I expect a downward revision tomorrow for today’s value, but tomorrow’s value?
Reader Bruce Hall writes: Just noticed that steel prices have generally fallen over the past 6 months. https://www.marketwatch.com/investing/index/steel?countrycode=xx . … Mr. Hall seemingly links to a stock price index, rather than the price of steel. No matter; here are two relevant series, as compiled by the St. Louis Fed.
Some observers claimed the fungibility of soybeans would mean little impact on US soybean prices. Unless the Bloomberg terminals are being hacked by the Russians…
That’s part headline from CNBC. President Donald Trump has requested the United States Trade Representative to identify $200 billion worth of Chinese goods for additional tariffs at a rate of 10 percent.
From Brown, Sheldon,AEDE Agricultural Report 2018-001, May 2018: Through calculations made based on a representative west central Ohio farm, and assuming an average degree of Chinese substitution between U.S. and Brazilian soybean import, it is estimated that average net income per year (2018-2024) would drop from $63,577 to $26,107 under the proposed tariff, which translates […]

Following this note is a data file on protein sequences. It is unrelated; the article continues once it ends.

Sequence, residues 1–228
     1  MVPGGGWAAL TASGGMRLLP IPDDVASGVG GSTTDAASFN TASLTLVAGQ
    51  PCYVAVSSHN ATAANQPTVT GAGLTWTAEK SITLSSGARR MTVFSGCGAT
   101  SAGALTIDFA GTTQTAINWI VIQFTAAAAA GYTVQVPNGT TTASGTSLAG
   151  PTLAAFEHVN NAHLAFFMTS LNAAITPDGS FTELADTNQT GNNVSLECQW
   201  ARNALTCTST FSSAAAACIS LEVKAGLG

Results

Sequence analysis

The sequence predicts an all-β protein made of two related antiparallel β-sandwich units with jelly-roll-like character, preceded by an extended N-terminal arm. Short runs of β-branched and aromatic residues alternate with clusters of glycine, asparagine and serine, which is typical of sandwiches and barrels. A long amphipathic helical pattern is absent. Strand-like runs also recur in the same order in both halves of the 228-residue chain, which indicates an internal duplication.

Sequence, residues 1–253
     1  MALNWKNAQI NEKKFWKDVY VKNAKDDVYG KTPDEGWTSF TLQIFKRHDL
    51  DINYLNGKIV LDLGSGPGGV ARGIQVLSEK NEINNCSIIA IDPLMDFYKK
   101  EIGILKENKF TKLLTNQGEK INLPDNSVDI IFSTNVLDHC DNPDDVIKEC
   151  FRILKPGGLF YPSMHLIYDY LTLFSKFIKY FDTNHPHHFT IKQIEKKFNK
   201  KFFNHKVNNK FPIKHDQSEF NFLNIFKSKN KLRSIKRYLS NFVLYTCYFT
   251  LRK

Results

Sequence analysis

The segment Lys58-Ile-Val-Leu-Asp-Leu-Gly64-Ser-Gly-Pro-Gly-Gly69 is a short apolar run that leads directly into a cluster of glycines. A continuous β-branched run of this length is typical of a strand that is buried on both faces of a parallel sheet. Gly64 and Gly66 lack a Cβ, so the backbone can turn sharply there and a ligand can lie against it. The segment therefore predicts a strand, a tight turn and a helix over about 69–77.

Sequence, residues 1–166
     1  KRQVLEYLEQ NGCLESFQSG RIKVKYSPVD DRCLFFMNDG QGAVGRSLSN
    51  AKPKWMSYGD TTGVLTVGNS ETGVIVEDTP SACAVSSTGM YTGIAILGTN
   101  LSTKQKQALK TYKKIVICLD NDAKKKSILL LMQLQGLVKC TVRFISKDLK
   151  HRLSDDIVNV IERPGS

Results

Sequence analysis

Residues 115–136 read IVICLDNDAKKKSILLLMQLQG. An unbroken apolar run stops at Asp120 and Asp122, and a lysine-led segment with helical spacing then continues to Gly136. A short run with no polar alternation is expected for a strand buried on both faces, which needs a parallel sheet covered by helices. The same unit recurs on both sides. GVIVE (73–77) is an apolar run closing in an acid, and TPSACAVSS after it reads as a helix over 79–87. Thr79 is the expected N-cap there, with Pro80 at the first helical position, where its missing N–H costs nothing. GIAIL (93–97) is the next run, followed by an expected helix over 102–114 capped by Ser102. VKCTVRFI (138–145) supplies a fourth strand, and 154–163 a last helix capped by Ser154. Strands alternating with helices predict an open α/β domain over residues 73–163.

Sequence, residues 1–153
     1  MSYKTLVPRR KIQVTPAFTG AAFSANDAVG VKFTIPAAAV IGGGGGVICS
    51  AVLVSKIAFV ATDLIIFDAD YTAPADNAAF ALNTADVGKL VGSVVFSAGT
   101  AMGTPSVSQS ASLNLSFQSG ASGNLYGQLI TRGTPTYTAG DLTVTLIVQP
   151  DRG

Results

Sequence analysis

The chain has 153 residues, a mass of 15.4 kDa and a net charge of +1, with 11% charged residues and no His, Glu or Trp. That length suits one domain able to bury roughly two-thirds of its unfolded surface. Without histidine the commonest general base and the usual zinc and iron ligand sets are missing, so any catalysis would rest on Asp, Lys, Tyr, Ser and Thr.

I’ve seen the argument that China’s tariffs on soybeans will have no effect because the soybeans will be relabeled so that US soybeans go to Europe, and soybeans that previously went to Europe go to China, evading Chinese tariffs on US soybeans. John Cochrane makes this point. This seems to have surface appeal in a […]
Reader Bruce Hall, opining on the impact of mooted Chinese tariffs on US hog and soybean exports. As with pork, it looks as if the cost of food is going down for Americans as the Chinese bury their citizens in food price increases.
From The Hill: President Trump’s incoming national security adviser John Bolton said Sunday he hopes impending economic tariffs against China could be “a little shock therapy” for the country.
Bruce Bartlett reminds us of the George W. Bush: Screwup-in-Chief, 2001-2008. Short version: Iraq, WMD, unfunded Medicare Part D, Sarbanes-Oxley, Katrina, Harriet Miers, no vetos until second term, tax rebates+credits and nonpermanent tax cuts, steel tariffs, ag subsidies, keeping Cheney, compassionate conservativism, signing McCain-Feingold after threatening to veto, neutering SecTreas, and GSEs.
The CBO’s Budget and Economic Outlook is a must read. In addition to the widening budget deficit (no supply side miracle here), and the downward revision in projected 2018 growth, there is this commentary in the section blandly titled “Some Uncertainties in the Economic Outlook” (page 14 onward): A sizable uncertainty in the U.S. trade […]